Since 1887, Phil has seen his shadow 98 times and hasn’t seen it 15 times. So if you’re hoping for an early spring, the odds are not in your favor.
If Phil does see his shadow, you better be ready for another six weeks of icy roads, gray skies and cold weather. And as the cold winter drags on, many people find themselves experiencing irritability, decreased energy and changes in appetite that last from now until spring. These symptoms make up what is commonly known as the Seasonal Affective Disorder (SAD).
In the United States and Canada, only 5 to 10 percent of the population suffers from SAD. However, the percentage varies according to specific areas: Florida has a 2 percent chance of suffering from SAD while Vermont has a 12 to 15 percent chance.
Researchers have been studying the relationship between the weather and temperament since the early 1970s—ironically about the same time as B.J. Thomas first sang the hit song, “Raindrops Keep Fallin’ on My Head.”
Studies have shown that the farther away from the equator you are, the higher your chances are of getting SAD. Also, your risks increase in the winter, sometime between December and February.
Scientists believe darkness, detected by the small glands in the brain called the pineal, releases melatonin, a chemical that regulates your sleep patterns and mood. If too much melatonin is released, the circadian rhythm, the biological clock, gets out of whack and can lead to depression and fatigue. On the other hand, when light is detected, serotonin, a chemical that produces happiness hormones, takes over.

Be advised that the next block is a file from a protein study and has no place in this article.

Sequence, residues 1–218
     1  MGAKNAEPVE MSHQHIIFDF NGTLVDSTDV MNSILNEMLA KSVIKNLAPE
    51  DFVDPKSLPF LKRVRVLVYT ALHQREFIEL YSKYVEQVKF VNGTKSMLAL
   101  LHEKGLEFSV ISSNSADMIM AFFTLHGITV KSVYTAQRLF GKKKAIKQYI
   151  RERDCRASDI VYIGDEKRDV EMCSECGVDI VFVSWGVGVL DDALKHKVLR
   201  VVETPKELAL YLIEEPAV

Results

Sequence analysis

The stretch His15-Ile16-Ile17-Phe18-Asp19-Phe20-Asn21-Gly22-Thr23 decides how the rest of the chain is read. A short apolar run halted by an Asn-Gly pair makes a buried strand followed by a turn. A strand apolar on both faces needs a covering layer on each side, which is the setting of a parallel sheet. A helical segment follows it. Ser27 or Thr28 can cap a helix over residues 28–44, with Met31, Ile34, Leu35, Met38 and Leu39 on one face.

Though the chances of suffering from SAD are rare in the United States, many people admit they feel a bit sluggish in the winter. So if you find yourself surrounded by the winter blues, here are a few tips that can help put some sunshine back in your step:
Go for a Walk
Get outside and take a deep breath of fresh air as you walk around the block. It’s not only good for you physically, but as you let the sunshine soak into your skin, you start feeling emotionally better as well.
Do Things That Make You Feel Good
Read a good book; take your family sledding or go for a stroll in the park. Just spend some time doing activities that make you feel good about yourself. It can give you the boost you need to help you get your feet on the ground again.
Use Light Therapy
If your schedule doesn’t allow you to get outside as often as you’d like, you could start your day off with light therapy. The most common light therapy involves using a light box. Light therapy is as effective as antidepressant medications, said Ritsaert Lieverse, lead author in a new, carefully designed randomized controlled trial and psychiatrist at the VU University Medical Center in New York. Set up a light box in your home or office and sit at it for 30 to 60 minutes each day.
Whatever the prediction year after year, don’t let Punxsutawney Phil’s prediction give you the winter blues. Keep your head up and remember B.J. Thomas’s lyrics: “The blues they send to meet me won’t defeat me. It won’t be long till happiness steps up to greet me.”